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Troubleshooting Garage Doors | Top 3 Reasons Why Your Door Won't Work

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Garage doors go through a lot in a typical day. Every time you drive in and out of it, so many internal movements occur, and that's why these doors eventually succumb and break down. However, some cases are fairly simple and can be troubleshot without any hassle. So if you've got a garage door, here are some of the three common faults that you can easily troubleshoot.

Opener makes a grinding noise                                                 

In some cases, the garage door opener motor produces a continual grinding sound, but the door remains still. This is a sure sign that your main gear is fried up. It's the part that comes into contact with the worm drive gear when moving the door.

Replacing the gear is the best solution. All you have to do is pull out the gear as one piece using a punch. The main gear should come out with the sprocket and shaft. Afterwards, replace it with your new kit. Don't forget to apply enough lubricant.

Door opening and closing by itself

This problem is normally caused by a short-circuiting either in the wall button or transmitters. A short-circuiting causes a continual signal to be sent to the door. This is what causes the opening and closing. To know your culprit, remove the transmitter batteries, and use the wall button to operate the door. Sometimes the problem is intermittent, so you may want to do this for a couple of days to be sure. If the door operates smoothly, then the transmitters are faulty.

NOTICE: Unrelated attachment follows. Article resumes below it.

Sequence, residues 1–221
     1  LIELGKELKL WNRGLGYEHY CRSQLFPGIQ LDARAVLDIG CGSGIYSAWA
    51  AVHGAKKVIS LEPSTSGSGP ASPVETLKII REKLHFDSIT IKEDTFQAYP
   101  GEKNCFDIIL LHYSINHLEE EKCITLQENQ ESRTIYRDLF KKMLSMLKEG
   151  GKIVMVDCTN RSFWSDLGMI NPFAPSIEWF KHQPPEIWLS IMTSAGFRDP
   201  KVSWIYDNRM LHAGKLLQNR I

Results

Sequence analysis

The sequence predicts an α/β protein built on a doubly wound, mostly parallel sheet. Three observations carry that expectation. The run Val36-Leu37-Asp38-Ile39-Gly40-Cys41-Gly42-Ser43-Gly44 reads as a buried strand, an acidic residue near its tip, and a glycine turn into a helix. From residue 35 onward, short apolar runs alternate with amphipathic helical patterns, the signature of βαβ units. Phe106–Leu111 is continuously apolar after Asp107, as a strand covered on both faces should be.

Ensure that your transmitters are not stuck or under a weight that affects them. You could also replace their batteries.

However, if it persists, remove the wall button wire at the motor head. This is to determine if the problem originates from the wall button. Now operate the door using only the transmitters, and if it works, then the problem is probably the wall button.

All you have to do is replace its wires.

Bowing rails

An upward bow is a sign that the door travels a long distance up and down. The door needs to move upwards in a way that it'll be just as high as the doorjamb. Ensure your door stop prevents the carriage trolley from hitting the opener. Otherwise, it may ruin it.

Find the opener motor, and using a screwdriver, rotate the travel limits adjustment screws till you achieve your required distance. Operate the door and see whether you need further adjustments.